About Bi Luo Chun Green Tea

Bi Luo Chun is not only one of the top ten famous teas of China, but also the treasure among those famous teas. It is famous all around the world for its beautiful appearance, bright color, deep aroma, and mellow taste.

What is Bi Luo Chun?

Bi Luo Chun is not only one of the top ten famous teas of China, but also the treasure among those famous teas. Bi Luo Chun is famous all around the world for its beautiful appearance, bright color, deep aroma and mellow taste. Bi Luo Chun Green Tea has a long history, and in Ming dynasty it is originally called “Xia Sha Ren Xiang”.

Tea Leaves of Bi Luo Chun

Tea Leaves of Bi Luo Chun

According to legend, during the Qing dynasty, the Emperor Kangxi made his southern rounds to Taihu Lake and occasionally tasted a tea named “Xia Sha Ren Xiang (吓煞人香)” and loved it. He thought the name was not elegant so Emperor Kangxi gave it a new name Bi Luo Chun”. From then on, Bi Luo Chun was known as a royal tea and became famous. One of the typical features of Bi Luo Chun Green Tea is that tea trees and fruit trees grow together. The teas absorb the fruit aroma and fragrance of flower. In this way the natural quality of Bi Luo Chun’s flowery aroma is produced.

The Processing of Bi Luo Chun

The picking of Bi Luo Chun has three characteristics: first, pick early; second, buds are tender; third, leaves are clean. It is picked at the start of spring, and stopped after Grain Rain. Usually the tea picked in one bud with one or two leaves and the “Ming Qian Tea” picked from before Qing Ming have the best quality.

The fresh leaves must be carefully selected. Remove unnecessary leaves, tough leaves and overlong stems to keep the tea even and tidy. It was also asked for picking and frying on the same day. The process of making this tea has four steps: fry-fixation, rolling, shaping and baking. When frying, the worker’s hands should keep on the tea, and tea should not be out of the pan. With the combination of this continuous operation, the tea is made.

Picking the Tea Leaves

Picking the Tea Leaves

Fixation: is processed in a big iron pan. The temperature of the pan can reach to 190-200 ℃, when leaves are fried in the pan with bare hands. This step requires every piece of leaf must be fried evenly, with no red stems and burns on the leaves. It will last about 3-5 minutes.

Rolling: under the temperature about 70 to 75℃, alternately shake, fry and roll the leaves. With the decrease of the water in leaves, the stripe shape is gradually formed. When rolling, if the leaves are compressed too much, the tea will be over-fried, have scorched flavor and dark color, making the leaves brittle. On the other hand, if there is no enough pressure on the leaves, it is not good for shaping. 10 minutes later, when about 60% to 70% of water in the tea is removed, reduce the pan’s temperature and go into next process. This whole process lasts about 12 to 15 minutes.

Shaping (rubbing into curls until pekoes appear): this is the key for forming the curling snail shape and revealing the white pekoes. When the pan temperature reaches 50 to 60 ℃, then use two hands to keep frying and rubbing all the tea leaves into many small balls,then shake the ball and loosen the leaves. Repeat the process time after time till the leaves reached to 80% dry. By then the leaves are rubbed into stripe and curls, and the pekoes fully appeared. This step lasts about 13 to 15 minutes.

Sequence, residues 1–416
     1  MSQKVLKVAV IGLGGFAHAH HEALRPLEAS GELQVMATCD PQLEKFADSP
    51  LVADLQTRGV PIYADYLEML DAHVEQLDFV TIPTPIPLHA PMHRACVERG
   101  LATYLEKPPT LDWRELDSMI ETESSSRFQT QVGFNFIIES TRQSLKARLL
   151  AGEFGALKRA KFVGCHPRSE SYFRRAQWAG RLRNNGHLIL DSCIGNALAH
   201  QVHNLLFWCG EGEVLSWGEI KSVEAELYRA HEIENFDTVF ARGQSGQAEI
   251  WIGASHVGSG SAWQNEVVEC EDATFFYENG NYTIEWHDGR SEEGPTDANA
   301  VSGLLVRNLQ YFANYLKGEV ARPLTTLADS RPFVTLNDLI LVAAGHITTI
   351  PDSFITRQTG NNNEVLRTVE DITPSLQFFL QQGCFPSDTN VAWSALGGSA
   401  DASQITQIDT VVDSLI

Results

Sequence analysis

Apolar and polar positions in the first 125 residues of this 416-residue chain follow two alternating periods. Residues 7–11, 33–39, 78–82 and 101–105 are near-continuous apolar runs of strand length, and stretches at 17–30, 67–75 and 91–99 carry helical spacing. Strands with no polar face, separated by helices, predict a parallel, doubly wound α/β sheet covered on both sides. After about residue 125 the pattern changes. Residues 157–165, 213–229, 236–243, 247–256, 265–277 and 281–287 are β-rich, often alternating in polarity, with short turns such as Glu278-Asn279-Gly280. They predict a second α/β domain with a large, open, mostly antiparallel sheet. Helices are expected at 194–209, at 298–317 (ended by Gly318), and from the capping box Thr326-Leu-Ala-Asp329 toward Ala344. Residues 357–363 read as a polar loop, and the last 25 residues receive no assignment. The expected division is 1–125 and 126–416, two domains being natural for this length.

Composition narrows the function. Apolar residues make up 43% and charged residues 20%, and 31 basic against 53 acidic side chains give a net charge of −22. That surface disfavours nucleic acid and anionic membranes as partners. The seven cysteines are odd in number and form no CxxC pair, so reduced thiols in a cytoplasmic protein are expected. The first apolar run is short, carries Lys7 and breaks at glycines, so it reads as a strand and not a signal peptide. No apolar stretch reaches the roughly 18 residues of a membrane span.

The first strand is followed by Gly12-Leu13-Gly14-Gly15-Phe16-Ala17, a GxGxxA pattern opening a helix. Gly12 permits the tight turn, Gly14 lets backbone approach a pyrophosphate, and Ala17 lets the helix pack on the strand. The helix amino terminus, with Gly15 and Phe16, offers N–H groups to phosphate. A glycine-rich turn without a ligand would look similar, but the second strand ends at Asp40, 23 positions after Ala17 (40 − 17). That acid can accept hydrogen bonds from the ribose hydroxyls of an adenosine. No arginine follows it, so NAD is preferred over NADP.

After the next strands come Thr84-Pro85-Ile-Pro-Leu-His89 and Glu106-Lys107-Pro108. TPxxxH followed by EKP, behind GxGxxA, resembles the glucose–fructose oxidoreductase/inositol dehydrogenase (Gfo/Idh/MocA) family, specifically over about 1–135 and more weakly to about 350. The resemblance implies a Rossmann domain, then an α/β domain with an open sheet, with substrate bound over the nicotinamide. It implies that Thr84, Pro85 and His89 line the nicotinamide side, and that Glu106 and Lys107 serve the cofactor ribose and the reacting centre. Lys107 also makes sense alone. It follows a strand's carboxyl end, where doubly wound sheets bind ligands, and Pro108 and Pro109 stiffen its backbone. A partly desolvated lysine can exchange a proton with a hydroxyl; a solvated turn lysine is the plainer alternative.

Baking: keep rolling and frying more gently to achieve the goal of making a fixed shape, continuing revealing pekoes and steaming water out. When the tea is about 90% drying, take out from the pan and lay the teas on a piece of mulberry paper then put the teas with the paper on gentle fire to bake the leaves till they are completely dried. It will last 6 to 8 minutes. The temperature of pan is about 30 to 40℃. Only about 7% of water is left in the finished leaves. The whole process will last about 40 minutes.

Five Grades of Bi Luo Chun

According to the national standards for tea of China, Dongting Bi Luo Chun Green Tea can be classified into five grades: premium grade A, premium grade B, grade A, grade B and grade C. The temperature of the pan, the amount of tea leaves and the level of stress will increase with the tea’s grade decreasing. That’s to say, lower grade Bi Luo Chun is made with higher temperature, heavier stress and bigger amount of tea leaves.

Tea Leaves after Brewing

The dry tea of Dongting Bi Luo Chun is very slender, curly like a snail and full of pekoes. Dry tea presents green jade color, hidden behind the silver pekoe. The fragrance is very strong. The taste is fresh, sweet and mellow. The liquid is green and bright. The leaves after steeping is tender green and bright. First steep is light, carries gentle flowery flavor and fresh. The second steep is in green jade color, fragrant and mellow. The third steep is bright blue, has strong flavor and sweet aftertaste. Sipping the floral and fruity aroma of the Bi Luo Chun, it makes you refresh as if you were standing in the tea gardens on the mountains in Dongting.

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